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Obama Calls for New U.S. Truck Fuel Standards

Taking his State of the Union (SOTU) message from last month on the road, President Obama visited a Safeway distribution center in Upper Marlboro, MD, where he called on the Environmental Protection Agency and the U.S. Department of Transportation to develop fuel-efficiency and greenhouse gas standards for trucks and other heavier vehicles by March 2016.

During the SOTU late last month (see Daily GPI, Jan. 29), Obama called on Congress to do its part “by putting people to work building fueling stations that shift more cars and trucks from foreign oil to American natural gas.”

As part of the Energy Security Trust proposal, Obama said a $2 billion investment in a range of cost-effective technologies -- like advanced vehicles that run on electricity, homegrown biofuels, hydrogen, and domestically produced natural gas -- will be drawn from revenues generated from federal oil and gas development. The President had previously announced $200 million in a new tax credit to catalyze investment in the necessary infrastructure to support deployment of advanced vehicles at critical mass. This proposal would be fuel neutral, allowing the private sector to determine if biofuels, electrification, natural gas, hydrogen, or other alternative fuels would be the best fit in different communities.

On Tuesday Obama laid out additional details for his plan to improve the fuel efficiency of American trucks -- bolstering energy security, cutting carbon pollution, and spurring manufacturing innovation.

“President Obama has continued to demonstrate his support for the role of natural gas in a clean energy future,” American Gas Association (AGA) CEO Dave McCurdy said Tuesday. “Two years ago, the President released standards for cars and light-duty trucks that broadened the application of manufacturers’ incentives for vehicles that run on alternative fuels to include natural gas. Natural gas vehicles will play [a] major role in helping to improve our environment and our national security, and provide real, long-term savings to consumers, and we’re pleased to see his focus on the use of natural gas for the heavy-duty sector.”

On a well-to-wheels basis, the AGA noted that natural gas vehicles produce 20% to 30% lower emissions at the tailpipe than a similar diesel or gasoline-powered vehicles, adding that they emit much less particulate matter and volatile organic compounds than gasoline or diesel. Compressed natural gas (CNG) costs about 50% less than gasoline, and about 60% less than diesel, the association said.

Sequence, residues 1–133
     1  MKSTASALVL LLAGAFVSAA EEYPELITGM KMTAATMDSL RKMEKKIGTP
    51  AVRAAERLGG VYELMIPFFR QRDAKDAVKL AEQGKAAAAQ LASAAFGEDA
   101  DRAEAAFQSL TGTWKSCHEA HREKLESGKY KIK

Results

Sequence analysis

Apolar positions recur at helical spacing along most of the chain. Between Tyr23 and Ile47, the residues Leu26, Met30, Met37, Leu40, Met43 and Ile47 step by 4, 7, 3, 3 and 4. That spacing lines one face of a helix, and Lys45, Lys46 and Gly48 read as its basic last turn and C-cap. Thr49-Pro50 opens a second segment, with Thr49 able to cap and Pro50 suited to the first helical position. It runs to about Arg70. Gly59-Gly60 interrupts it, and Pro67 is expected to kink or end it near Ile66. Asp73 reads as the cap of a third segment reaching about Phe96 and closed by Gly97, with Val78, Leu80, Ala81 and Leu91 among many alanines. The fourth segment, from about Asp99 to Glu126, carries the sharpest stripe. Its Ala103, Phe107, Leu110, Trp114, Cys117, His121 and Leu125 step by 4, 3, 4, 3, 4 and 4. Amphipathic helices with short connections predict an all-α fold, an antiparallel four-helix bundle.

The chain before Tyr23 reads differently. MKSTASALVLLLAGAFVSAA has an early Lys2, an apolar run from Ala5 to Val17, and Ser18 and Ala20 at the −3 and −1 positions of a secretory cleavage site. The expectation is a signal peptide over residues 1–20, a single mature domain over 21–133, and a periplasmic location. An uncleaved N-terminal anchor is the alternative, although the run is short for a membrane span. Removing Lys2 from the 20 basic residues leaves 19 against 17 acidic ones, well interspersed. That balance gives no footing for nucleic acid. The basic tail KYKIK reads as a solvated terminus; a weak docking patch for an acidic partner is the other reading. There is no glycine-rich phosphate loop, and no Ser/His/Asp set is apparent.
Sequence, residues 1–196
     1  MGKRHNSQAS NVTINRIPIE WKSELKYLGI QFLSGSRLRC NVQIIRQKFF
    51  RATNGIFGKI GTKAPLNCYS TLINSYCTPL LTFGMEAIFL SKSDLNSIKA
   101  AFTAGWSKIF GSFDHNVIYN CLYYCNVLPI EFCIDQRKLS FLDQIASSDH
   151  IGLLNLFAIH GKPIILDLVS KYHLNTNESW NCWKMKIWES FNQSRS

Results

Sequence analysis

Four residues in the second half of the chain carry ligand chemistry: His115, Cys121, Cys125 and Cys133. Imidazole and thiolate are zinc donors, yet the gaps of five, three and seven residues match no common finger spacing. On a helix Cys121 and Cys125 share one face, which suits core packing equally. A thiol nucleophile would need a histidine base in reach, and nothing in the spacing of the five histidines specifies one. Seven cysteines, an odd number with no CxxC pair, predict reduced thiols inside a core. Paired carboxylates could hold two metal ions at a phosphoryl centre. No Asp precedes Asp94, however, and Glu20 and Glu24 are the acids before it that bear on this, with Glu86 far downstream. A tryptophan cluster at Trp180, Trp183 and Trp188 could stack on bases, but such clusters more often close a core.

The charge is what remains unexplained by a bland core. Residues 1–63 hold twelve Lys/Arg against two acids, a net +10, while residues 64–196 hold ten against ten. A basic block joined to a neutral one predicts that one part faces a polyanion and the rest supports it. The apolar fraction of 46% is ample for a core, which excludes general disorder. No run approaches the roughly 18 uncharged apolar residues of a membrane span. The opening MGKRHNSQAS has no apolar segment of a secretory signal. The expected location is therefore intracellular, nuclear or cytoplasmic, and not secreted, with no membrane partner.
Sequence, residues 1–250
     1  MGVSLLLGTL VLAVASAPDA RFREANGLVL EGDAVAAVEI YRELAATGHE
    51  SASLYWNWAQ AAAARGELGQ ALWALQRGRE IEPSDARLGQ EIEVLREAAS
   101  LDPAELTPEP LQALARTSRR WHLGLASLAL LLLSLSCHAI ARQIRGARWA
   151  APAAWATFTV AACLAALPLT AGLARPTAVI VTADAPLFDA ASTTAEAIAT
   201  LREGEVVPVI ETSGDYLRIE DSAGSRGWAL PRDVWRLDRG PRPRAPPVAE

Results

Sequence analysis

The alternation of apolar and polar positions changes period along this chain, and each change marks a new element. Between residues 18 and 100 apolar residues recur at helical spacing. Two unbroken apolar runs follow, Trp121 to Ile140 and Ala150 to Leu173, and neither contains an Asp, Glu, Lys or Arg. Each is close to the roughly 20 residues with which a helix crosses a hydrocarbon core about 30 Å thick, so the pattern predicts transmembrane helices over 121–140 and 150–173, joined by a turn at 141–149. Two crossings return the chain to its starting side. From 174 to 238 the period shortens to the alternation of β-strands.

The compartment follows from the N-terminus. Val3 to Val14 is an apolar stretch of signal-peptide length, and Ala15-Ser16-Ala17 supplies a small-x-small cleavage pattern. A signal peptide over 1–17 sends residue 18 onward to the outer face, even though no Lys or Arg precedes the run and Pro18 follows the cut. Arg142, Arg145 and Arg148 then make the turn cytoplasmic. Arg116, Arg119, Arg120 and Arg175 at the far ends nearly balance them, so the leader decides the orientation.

“The president highlighted how leaders in every sector of our economy are embracing natural gas because it offers real savings, real stimulus and real solutions. Supporting this evolution, natural gas utilities have contributed to a 60% growth in our national CNG refueling infrastructure since 2009,” McCurdy said.

The American Gas Foundation and IHS CERA recently released a study entitled Fueling the Future with Natural Gas: Bringing it Home (see Daily GPI, Jan. 16), which found that for Class 8 vehicles such as 18 wheelers, the fuel savings from switching to natural gas is significant enough that the extra upfront cost of approximately $40,000 is recuperated in less than two years. A natural gas passenger vehicle will save you an average of $4,500 in fuel costs over five years compared to a gasoline vehicle according to the same study.

Cummins Inc. applauded the president's initiative. "Cummins supports standards that deliver environmental benefits and help our customers in the form of increased fuel efficiency and cost savings," said Rich Freeland, Cummins vice president and president, Engine Business. "The first phase of these regulations provides a strong foundation that recognizes the needs of business while offering clear direction to create innovative technologies. With the announcement today, it is clear that the government will again take a collaborative approach. We look forward to working with regulators, our customers and others on the next phase of standards that will lead to even greater reductions in greenhouse gases and fuel consumption."

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